Catholic Youth Ministry: A Call to Patience

by gary-foote on January 25, 2011

I love teenagers and working in Catholic Youth Ministry! I’ve given my life to work with them and those who minister to them. I love talking with them, listening to them, and most of all praying with them and sharing the Gospel. On occasion, I’ve been known to embarrass my wife as I’ve randomly asked teens at restaurants if I could join them for a bit while they ate and talk with them. Although I have a great passion for the Catholic faith and young people, I still have many shortcomings to overcome. One of those shortcomings is patience with true conversion. I want so badly for young people to come and know God in an intimate way that sometimes I forget that there are a lot of steps that have to be taken sometimes before that can happen.  Unfortunately, I have to admit that on occasion I’ve expected too much from teens to quickly. Don’t get me wrong, I’m not saying we should lower the bar or make excuses for our youth to become complacent in their faith. I will be the first to tell you that we need to heed the universal call to holiness at every stage of life, including the teenage years. However, there have been instances where I’ve become frustrated with the time it takes for a genuine conversation to take place.

Last night I had the opportunity to worship with many teens at Mass followed by XLT. For those of you who may not be familiar with XLT, it is one of the components of Life Teen where youth are gathered together for a time of praise and worship, a talk, and a time of Adoration of the Blessed Sacrament. Very powerful! Mass was especially crowded last night at the parish I was visiting, which was a great problem to have. I noticed that there were some teens talking during Mass, and I kept debating whether or not to say something to them. I kept thinking to myself, “I’m sure they will stop soon.” Well, one of the young ladies had a bit of a “wardrobe malfunction” during the time of the consecration and another high school girl rushed to her aide. At this point I knew that I couldn’t say anything because I didn’t want to embarrass the poor girl. The whole ordeal was very distracting and I thought to myself, “If only they knew that Jesus is really coming here in this moment to become a piece of bread and some wine for us then they would treat this moment with the reverence it deserves.” After the consecration, I exchanged peace with the teenage girls and prepared to receive the Eucharist. After receiving communion, I prayed silently, “Lord help me to be more like you.” And then it hit me. The Gospel for the evening was about Jesus’ call to the Apostles. Jesus didn’t call out to perfect men but men who were willing to go where He would lead them. He slowly began to reveal who He was to them, not all at once. How different Peter’s life would have been if right away in their relationship Jesus would have rebuked him and said, “Get behind me Satan (Matthew 16:23).” I’m guessing that if that would have happened during their time of initial relationship building that Peter probably would have left.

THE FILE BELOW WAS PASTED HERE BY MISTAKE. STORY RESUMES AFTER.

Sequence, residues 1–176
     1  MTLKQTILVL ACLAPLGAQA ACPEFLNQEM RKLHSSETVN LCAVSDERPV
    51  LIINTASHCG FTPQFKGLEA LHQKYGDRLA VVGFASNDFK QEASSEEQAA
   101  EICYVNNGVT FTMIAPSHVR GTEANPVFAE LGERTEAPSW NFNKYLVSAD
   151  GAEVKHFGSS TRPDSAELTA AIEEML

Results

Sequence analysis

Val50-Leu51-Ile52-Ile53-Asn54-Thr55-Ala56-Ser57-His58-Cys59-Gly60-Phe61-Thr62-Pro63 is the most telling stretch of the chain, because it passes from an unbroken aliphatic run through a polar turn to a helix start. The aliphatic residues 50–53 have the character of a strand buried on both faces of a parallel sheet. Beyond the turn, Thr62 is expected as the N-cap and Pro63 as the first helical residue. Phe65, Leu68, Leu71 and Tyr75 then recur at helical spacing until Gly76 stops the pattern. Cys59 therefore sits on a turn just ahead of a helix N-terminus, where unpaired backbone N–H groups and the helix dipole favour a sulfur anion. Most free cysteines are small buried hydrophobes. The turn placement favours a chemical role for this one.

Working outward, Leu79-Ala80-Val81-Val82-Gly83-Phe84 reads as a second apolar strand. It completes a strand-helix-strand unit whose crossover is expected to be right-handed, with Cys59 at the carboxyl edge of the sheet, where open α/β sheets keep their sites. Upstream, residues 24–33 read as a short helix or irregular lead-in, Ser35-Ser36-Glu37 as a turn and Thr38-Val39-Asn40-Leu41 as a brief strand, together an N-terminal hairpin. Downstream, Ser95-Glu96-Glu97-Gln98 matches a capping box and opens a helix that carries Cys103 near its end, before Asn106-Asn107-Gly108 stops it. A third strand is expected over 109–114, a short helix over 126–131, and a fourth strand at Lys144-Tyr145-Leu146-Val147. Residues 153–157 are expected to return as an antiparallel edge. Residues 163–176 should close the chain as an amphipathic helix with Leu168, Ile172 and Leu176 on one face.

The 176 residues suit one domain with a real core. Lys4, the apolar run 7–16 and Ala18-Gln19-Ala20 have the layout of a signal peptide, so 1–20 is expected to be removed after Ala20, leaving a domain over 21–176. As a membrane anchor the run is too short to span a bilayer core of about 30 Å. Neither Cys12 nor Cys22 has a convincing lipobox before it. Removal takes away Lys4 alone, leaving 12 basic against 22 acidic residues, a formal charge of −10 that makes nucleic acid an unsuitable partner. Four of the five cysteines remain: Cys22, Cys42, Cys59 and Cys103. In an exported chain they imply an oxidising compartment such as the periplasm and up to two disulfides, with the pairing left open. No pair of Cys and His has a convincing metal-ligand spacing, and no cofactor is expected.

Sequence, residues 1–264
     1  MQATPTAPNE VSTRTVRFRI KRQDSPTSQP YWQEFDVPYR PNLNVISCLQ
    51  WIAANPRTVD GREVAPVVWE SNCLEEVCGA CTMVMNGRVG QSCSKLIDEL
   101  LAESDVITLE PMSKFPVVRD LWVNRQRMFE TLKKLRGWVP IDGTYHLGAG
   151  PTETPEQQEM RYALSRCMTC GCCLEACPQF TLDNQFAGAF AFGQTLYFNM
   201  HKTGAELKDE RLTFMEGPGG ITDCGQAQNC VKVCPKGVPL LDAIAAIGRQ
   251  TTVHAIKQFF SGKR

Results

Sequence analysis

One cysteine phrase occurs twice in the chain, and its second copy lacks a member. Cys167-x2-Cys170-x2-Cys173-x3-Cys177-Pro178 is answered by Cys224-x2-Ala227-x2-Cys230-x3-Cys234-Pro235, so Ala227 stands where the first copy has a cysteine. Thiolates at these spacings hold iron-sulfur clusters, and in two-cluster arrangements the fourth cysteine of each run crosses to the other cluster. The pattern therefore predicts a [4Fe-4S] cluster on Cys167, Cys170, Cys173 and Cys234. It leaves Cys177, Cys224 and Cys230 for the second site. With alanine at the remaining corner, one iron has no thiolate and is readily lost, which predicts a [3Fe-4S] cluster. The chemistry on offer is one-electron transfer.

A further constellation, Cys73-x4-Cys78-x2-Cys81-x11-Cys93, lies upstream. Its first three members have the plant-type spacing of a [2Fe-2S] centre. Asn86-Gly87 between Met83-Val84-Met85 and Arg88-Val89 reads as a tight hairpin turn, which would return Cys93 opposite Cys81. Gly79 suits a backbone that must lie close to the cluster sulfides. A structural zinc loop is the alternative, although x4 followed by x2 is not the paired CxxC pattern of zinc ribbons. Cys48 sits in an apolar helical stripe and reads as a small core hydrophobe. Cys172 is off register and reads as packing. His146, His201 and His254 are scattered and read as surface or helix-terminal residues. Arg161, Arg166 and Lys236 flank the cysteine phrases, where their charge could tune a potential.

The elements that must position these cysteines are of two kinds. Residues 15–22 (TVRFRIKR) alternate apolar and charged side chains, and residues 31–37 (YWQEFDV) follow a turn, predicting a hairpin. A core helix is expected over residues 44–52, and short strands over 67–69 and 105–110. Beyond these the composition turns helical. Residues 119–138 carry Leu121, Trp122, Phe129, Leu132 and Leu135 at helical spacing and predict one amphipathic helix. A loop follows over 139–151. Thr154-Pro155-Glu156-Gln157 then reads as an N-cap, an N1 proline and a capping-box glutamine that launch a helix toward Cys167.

Jesus had to love the Apostles where they were at, flaws and all, and allow them the time that they needed to truly fall in love with Him and give Him their lives. Like Jesus, we too are called to be patient and loving with the teens entrusted to our care. Today’s teens have so many things fighting for their time. Just the fact that they show up to something that will enrich their faith is a huge accomplishment. Like the Apostles, they are ready to be led. Eventually there will be a point where we may have to have those difficult conversations with them like Jesus had with Peter, but it takes time to get to that place where the words will be received well. If we move too quick too soon, we may lose them! Think first about how patient God has been in your life, and then extend that same patience to the teens (or any person for that matter) that you are blessed to work with. Jesus is the best teacher of how to lead others closer to Him. We must follow His example, not our own wisdom.

In case you are dying to know, those girls at Mass stayed for XLT. Not only did they stay, but they praised and prayed their hearts out. It was beautiful! I’m very grateful that I didn’t say anything, because maybe they would have left after Mass or may have closed their hearts. I didn’t know them well enough to “call them out.” My job was to embrace them where they were, and more importantly, to allow God to embrace me where I was. I’m thankful that God is so merciful. A sinner like me sure needs it.

God Bless you,

Gary Foote


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